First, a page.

CBO estimates that the government ran a deficit of almost $1.4 trillion during the first eleven months of the fiscal year (up from $501 billion at this point last year).
CBO reiterated its forecast that the full year’s deficit will also come in around $1.4 trillion (September is usually a month of surplus because of strong tax receipts, but CBO apparently thinks this September will be close to break-even.)
CBO’s estimate is noticeably lower than the administration’s most recent deficit forecast of $1.58 trillion. If the final numbers next month are in line with CBO’s projections, some commentators will thus spin the full year deficit as good news (“the deficit came in lower than the administration expected”), while others will spin it as bad news (“yikes, the deficit was $1.4 trillion”). (As noted in an earlier post, CBO’s summer update was a bit complicated to interpret because its headline deficit estimate used different accounting for Fannie Mae and Freddie Mac than the administration used; on an apples-to-apples basis, however, CBO then forecast a deficit of $1.41 trillion.)
As shown in the following chart, the deficit has exploded for three main reasons:
Next Tuesday is a big day for budget watchers. The Congressional Budget Office will release its updated budget and economic projections in the morning, and the Office of Management and Budget will release its projections later in the day.
CBO isn’t a fan of leaks, so we probably won’t know much about its updated projections until Tuesday. The Obama administration, on the other hand, will likely allow select tidbits out early, as have previous administrations.
Indeed, Bloomberg is already reporting that an administration official told them that this year’s deficit will come in at “$1.58 trillion, about $262 billion less than forecast in May.”
There are several things you should know about this estimate:
The $262 billion difference is largely explained by a single factor: no TARP II. The administration’s original budget included a $250 billion placeholder for additional financial stabilization efforts. Happily, that never happened.
A second big factor, as reported by Bloomberg, is that spending on bank failures has come in $78 billion lower than originally forecast.
That good news is partly offset by the fact that tax revenues are projected to be about $83 billion less than originally forecast (presumably because of the weak economy). All other spending is forecast to be about $17 billion less than originally projected.
In short, the cost of fighting the financial crisis has been much lower than forecast in May, while the rest of the budget has done slightly worse than forecast.
This being Washington, there will be some debate about whether the $1.84 trillion figure from May is the right benchmark for evaluating whether the deficit is lower than forecast. That figure (the “policy deficit”) reflected not only the administration’s expectations about how the economy was affecting the budget, but also the budget impacts of its policy proposals, including the potential TARP II. At the time, the administration also made a second forecast that did not include any policy changes. That “baseline deficit” was $1.62 trillion, almost identical to the new estimate. Folks who use the baseline as a benchmark will thus conclude that the deficit is essentially in line with earlier expectations.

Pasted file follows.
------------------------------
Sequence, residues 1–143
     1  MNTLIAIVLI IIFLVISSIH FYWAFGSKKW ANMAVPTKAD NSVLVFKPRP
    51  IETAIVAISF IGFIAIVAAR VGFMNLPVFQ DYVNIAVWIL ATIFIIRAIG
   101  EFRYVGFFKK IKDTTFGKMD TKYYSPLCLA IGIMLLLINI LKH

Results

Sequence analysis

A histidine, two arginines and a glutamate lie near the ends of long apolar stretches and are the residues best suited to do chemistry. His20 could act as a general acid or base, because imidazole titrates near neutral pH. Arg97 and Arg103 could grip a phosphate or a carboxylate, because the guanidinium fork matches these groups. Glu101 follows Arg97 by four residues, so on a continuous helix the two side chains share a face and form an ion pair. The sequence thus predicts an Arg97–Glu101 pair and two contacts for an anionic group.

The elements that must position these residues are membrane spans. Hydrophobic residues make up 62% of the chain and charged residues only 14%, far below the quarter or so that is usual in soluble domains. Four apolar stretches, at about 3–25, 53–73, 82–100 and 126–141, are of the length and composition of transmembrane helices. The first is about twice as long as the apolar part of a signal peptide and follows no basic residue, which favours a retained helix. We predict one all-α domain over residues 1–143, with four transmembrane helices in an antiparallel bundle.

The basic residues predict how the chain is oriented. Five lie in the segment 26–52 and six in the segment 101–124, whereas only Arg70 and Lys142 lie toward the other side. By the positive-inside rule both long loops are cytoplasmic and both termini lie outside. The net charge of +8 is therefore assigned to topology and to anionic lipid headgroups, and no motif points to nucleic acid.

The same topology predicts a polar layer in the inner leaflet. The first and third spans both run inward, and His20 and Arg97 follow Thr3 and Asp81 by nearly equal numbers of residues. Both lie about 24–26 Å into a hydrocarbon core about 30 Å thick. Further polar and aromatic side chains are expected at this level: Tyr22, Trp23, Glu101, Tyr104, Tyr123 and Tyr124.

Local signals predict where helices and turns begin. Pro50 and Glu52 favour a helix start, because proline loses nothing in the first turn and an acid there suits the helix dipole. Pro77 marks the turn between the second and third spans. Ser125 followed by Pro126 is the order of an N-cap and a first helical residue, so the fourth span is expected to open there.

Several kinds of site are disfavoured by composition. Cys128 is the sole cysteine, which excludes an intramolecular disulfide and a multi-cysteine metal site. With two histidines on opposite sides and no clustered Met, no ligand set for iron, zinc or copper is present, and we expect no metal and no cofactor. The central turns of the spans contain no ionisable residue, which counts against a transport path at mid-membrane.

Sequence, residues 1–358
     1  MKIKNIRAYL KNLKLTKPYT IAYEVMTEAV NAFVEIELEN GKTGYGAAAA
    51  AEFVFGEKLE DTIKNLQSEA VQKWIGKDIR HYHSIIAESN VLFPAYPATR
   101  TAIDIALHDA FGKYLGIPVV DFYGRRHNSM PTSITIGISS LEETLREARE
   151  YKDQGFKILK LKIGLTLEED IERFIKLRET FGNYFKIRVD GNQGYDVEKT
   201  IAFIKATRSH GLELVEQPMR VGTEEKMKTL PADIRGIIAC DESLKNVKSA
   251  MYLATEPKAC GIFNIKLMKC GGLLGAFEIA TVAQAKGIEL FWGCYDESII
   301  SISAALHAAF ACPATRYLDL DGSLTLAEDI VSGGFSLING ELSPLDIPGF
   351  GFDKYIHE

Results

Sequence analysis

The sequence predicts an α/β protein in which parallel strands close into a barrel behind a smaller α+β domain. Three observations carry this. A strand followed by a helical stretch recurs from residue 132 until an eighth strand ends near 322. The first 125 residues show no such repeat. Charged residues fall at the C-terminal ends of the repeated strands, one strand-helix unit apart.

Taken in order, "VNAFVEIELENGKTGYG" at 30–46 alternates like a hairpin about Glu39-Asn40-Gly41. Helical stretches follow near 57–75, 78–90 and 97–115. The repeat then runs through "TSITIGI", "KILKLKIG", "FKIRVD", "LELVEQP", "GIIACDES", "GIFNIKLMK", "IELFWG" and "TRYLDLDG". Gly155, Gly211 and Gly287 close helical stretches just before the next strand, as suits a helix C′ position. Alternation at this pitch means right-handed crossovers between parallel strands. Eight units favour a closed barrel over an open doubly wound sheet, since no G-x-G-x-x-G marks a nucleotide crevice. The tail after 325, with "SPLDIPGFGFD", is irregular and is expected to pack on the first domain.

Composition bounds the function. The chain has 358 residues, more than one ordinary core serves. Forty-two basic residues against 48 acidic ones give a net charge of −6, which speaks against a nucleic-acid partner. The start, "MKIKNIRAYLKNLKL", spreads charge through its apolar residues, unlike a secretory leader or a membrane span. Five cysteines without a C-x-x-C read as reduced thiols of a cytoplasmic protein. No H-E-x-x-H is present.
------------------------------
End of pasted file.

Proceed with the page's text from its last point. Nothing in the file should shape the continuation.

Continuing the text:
Note: The estimates of this year’s budget deficit will get lots of press (and blog) attention, but they are by no means the most important information in the new projections. The real question is what 2010, 2011, and subsequent years look like. We know the deficits will be scary-looking, but we will have to wait until Tuesday to find out just how scary.
As Stan Collender points out over at Capital Gains and Games, however, the absolute amount of the deficit is not the only thing that matters politically. Also important is how the deficit stacks up relative to expectations. And, as Stan says, there’s good reason to believe that the deficit will come in less than original forecasts.
Back in May, the Obama administration projected that this year’s deficit would come in at $1.84 trillion, assuming enactment of the President’s policies. In June, the Congressional Budget Office came up with a very similar estimate.
Now it’s looking as though the deficit could come in several hundred billion dollars lower than that.
The Citigroup pricing anomaly may be in its final days (earlier posts here and here).
Investors must submit their offers to exchange preferred shares for common shares by this Friday (which may require contacting your broker several days earlier). The common shares will then be delivered to investors on July 30.
The pricing gap between the common and preferred shares remains large (about 10% at the close on Monday), but has narrowed as the exchange date has drawn near.
It thus seems an appropriate time to reflect on what, if anything, the Citigroup anomaly illustrates about economics and finance more broadly. Happily, this week’s Economist carries a quote from Dick Thaler (previously quoted in my post about Catherine Zeta-Jones) that summarizes the lesson perfectly: